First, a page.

Vancouver
1.
Hoebeke I. Identification of essential genes in human lymphopoieis. [Ghent, Belgium]: Ghent University. Faculty of Medicine and Health Sciences; 2006.
MLA
Hoebeke, Inge. “Identification of Essential Genes in Human Lymphopoieis.” 2006 : n. pag. Print.
@phdthesis{3127826,
  abstract     = {Hematopoiesis is the highly orchestrated process of blood cell formation from a small pool of multipotent hematopoietic stem cells in the bone marrow. The defining properties of hematopoietic stem cells, their self-renewal capacity and multilineage differentiation potential, form the basis for the successful restoration of the hematopoietic system by bone marrow transplantation or hematopoietic stem cell transplantation after chemotherapy or radiation therapy used to treat cancer. However, due to the slow kinetics of the restoration of the T-cell compartment, patients are temporally vulnerable to infection. Therefore, strategies to enhance T-cell development from HSCs could be of great therapeutic value. Signalling through the Notch-1 transmembrane receptor has been identified as a critical determinant for the lineage choice between B- and T-cell development. Overexpression of the active form of Notch-1 (ICN) in human CD34+ hematopoietic stem cells blocks B-cell development and drives them into T-lymphoid differentiation. In this work we show that physiological stimulation of the Notch pathway by coculturing human CD34+ progenitor cells on a stromal cell layer ectopically expressing the Notch ligand Delta-like-1 also induces T-cell differentiation of human cells. Inversely, by inhibiting physiological Notch signalling during in vitro T-cell differentiation in fetal thymus organ culture using \ensuremath{\gamma}-
secretase inhibitors we show that Notch signalling is essential for human T-cell development. Because constitutive Notch-1 expression ultimately leads to the development of T-cell leukemias, manipulation of stem cells with ICN cannot be applied clinically. Therefore we investigated whether the Notch-1 target gene HES-1 is able to substitute for Notch-1 signalling in inducing T-cell differentiation of human CD34+ hematopoietic stem cells. Our results demonstrate that overexpression of HES-1 alone is not sufficient to impose T-cell differentiation on human hematopoietic stem cells. The identification of a small lymphoid-committed cell fraction in human umbilical cord blood may also lead to therapeutic applications. We show that CD34+CD38-CD7+ cells have strong T-cell differentiation potential. To identify genes that regulate the lymphoid commitment step we compared the gene expression between CD34+CD38-CD7+ lymphoidcommitted progenitors and CD34+CD38-CD7- multipotent stem cells using Affymetrix oligonucleotide microarrays. Overexpression and silencing studies of selected differentially expressed genes will have to be performed to determine their role in lymphoid development and whether they can be used to instruct lymphoid development.},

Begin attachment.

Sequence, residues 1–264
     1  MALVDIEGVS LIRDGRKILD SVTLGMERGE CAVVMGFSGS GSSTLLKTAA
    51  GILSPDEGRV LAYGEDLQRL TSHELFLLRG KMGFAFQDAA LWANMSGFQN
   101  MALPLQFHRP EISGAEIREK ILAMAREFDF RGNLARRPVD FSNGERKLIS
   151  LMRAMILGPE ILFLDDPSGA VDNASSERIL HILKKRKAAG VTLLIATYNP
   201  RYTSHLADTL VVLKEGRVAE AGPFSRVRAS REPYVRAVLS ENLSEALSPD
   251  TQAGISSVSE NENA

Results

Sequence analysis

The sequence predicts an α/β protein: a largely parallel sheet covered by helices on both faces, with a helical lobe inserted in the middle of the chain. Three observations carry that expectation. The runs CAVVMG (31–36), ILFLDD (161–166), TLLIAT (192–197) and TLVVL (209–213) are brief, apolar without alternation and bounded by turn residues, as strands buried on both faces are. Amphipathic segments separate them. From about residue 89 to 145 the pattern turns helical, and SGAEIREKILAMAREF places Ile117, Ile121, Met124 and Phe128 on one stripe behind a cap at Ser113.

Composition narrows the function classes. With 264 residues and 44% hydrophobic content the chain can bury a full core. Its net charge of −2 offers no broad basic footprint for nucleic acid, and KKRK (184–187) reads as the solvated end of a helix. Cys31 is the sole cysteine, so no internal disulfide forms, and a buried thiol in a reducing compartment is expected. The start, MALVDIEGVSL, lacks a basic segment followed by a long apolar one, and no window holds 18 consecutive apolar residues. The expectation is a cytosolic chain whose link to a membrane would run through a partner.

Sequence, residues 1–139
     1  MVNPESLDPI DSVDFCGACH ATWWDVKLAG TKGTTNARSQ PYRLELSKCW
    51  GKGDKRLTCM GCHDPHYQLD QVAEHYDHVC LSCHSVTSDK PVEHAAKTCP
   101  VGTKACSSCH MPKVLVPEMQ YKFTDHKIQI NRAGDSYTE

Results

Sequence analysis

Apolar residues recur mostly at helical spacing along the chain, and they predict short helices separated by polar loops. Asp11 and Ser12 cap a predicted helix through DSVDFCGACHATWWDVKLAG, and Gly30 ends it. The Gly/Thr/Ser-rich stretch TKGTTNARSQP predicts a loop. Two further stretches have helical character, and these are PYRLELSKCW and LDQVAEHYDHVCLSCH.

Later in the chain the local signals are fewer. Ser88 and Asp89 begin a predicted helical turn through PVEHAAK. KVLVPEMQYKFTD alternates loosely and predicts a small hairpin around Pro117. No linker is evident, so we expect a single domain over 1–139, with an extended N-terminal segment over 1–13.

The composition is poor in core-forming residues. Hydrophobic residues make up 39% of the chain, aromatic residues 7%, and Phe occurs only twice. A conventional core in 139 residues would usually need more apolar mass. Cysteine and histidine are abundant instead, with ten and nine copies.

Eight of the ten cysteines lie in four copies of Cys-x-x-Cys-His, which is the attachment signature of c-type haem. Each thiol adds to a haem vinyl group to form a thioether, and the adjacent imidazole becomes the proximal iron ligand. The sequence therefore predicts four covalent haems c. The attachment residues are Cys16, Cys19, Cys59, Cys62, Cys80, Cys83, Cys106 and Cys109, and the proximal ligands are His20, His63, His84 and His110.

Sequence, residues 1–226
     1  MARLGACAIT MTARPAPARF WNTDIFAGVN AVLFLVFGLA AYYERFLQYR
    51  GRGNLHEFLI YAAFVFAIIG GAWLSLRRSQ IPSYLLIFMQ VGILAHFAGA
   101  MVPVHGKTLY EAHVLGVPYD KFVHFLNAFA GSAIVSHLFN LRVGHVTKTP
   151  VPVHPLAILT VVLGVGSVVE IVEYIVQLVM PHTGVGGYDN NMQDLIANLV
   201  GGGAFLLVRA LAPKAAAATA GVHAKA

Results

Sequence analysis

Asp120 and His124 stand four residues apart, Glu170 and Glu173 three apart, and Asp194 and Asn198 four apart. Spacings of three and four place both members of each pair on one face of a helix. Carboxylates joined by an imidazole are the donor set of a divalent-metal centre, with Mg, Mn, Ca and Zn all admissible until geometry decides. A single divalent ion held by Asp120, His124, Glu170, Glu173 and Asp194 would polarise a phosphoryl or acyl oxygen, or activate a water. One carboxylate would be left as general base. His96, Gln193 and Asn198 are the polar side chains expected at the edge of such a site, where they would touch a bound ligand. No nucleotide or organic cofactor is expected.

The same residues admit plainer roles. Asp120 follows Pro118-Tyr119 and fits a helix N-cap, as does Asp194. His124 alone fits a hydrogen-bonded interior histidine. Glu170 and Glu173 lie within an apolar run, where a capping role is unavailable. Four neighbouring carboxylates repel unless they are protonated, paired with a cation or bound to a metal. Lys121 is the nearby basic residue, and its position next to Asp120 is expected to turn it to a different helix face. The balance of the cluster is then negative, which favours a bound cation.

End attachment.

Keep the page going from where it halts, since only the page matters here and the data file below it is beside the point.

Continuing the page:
author       = {Hoebeke, Inge},
  language     = {eng},
  pages        = {144},
  publisher    = {Ghent University. Faculty of Medicine and Health Sciences},
  school       = {Ghent University},
  title        = {Identification of essential genes in human lymphopoieis},
  year         = {2006},
}